Many Australians enjoy their meals outdoors as long as the weather is fine. The only problem is that your kitchen is far away from the deck area, which means you have to keep making multiple trips up and down to get food and various supplies for the meal. It would be much simpler and more practical to install an outdoor kitchen. This can range from a basic unit to a fully equipped model. If the idea sounds exciting, you need to do more research on the subject. For starters, here is a handy reference guide:
Definition of an Outdoor Kitchen
An outdoor kitchen is a place where you can cook food. In its simplest form, it consists of a countertop, a few shelves and a barbecue grill. The more elaborate outdoor kitchens will have a fridge, sink with plumbing, a set of cabinets and other accessories. This type of kitchen is built on a deck or patio, where you usually entertain guests. It has an overhead roof to keep the area dry and comfortable.
What Tools and Accessories Are Needed?
Start by making a list of the essential tools, gadgets and accessories you would use in the outdoor kitchen on a regular basis. A barbecue is present in all such units, but you can choose between a free-standing or built-in design. Counter space is another essential element of an outdoor kitchen. Depending on the amount of food and drink you want to keep chilled, you can get a mini or full-sized refrigerator, or a freezer. You may need a sink to wash the dishes or clean your hands. Cabinets are convenient for holding utensils, crockery, cutlery and kitchen linen. If you are planning a full-fledged outdoor kitchen, you will need a dishwasher, ice machine and an oven.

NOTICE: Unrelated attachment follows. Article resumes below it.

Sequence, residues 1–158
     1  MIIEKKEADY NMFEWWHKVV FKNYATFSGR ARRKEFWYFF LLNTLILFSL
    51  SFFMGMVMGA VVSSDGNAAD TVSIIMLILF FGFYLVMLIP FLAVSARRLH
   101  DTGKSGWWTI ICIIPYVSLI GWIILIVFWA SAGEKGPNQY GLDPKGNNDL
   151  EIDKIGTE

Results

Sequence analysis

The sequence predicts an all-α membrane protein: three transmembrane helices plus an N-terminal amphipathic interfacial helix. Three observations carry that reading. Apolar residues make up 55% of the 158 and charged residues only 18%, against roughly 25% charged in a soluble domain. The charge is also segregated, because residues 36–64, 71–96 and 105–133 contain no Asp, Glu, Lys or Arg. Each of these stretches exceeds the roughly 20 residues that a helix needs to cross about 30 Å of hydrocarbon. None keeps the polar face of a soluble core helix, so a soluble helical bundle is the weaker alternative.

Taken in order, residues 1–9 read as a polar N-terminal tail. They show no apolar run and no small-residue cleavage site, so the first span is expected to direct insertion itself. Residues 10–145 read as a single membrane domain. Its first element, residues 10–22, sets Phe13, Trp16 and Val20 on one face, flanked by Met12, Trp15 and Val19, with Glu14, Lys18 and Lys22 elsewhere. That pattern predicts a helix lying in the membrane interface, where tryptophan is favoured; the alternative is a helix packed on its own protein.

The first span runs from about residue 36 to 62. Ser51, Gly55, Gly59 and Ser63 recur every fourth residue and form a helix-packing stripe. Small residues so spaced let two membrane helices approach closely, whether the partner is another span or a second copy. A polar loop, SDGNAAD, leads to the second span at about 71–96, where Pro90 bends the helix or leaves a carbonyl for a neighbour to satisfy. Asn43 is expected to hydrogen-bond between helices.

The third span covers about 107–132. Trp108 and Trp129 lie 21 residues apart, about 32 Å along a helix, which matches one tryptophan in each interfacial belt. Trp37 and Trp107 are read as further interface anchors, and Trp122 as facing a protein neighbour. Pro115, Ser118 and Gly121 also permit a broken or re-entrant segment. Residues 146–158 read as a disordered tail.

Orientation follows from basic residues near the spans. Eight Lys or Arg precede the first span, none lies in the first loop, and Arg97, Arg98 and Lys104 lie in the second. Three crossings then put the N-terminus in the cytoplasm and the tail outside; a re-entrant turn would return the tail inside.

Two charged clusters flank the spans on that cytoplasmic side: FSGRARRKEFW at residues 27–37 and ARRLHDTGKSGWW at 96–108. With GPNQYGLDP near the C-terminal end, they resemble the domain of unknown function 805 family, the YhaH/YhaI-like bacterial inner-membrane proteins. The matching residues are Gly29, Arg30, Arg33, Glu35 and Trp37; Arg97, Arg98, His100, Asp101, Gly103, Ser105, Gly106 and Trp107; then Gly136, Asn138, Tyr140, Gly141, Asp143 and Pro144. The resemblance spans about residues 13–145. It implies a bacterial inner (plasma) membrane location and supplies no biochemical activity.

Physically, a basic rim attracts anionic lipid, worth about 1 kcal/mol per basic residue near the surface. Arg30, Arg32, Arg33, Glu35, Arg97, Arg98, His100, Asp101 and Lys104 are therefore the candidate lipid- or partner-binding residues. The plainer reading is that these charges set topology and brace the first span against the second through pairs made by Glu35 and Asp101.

Space and Cost Factors
Cost takes priority over space. Once you decide your budget, you can start planning the space. Keep the outdoor kitchen proportionate to the rest of the house and the garden. At the same time, it should be big enough to accommodate all the gadgets, tools and accessories you have planned. The total cost includes the expense of buying new appliances as well as the construction costs. Do not let the outdoor kitchen overshadow the main entertaining area. It must be placed to one side so that there is ample room for furniture and moving around.
The outdoor kitchen is exposed to the elements of nature. Keep this in mind during the design phase, and choose construction materials that can withstand the sun, wind, rain and dust. Installing an outdoor kitchen is a big investment, so it should be operational for several years at least. The best material for your cabinets and electric appliances is steel since timber is prone to rotting or warping over time. Countertops, shelves and other surfaces can be made of stone veneer, which is both durable and aesthetic. Choose cabinets made of glass or stainless steel in any colour, preferably one that goes well with the rest of your entertaining area.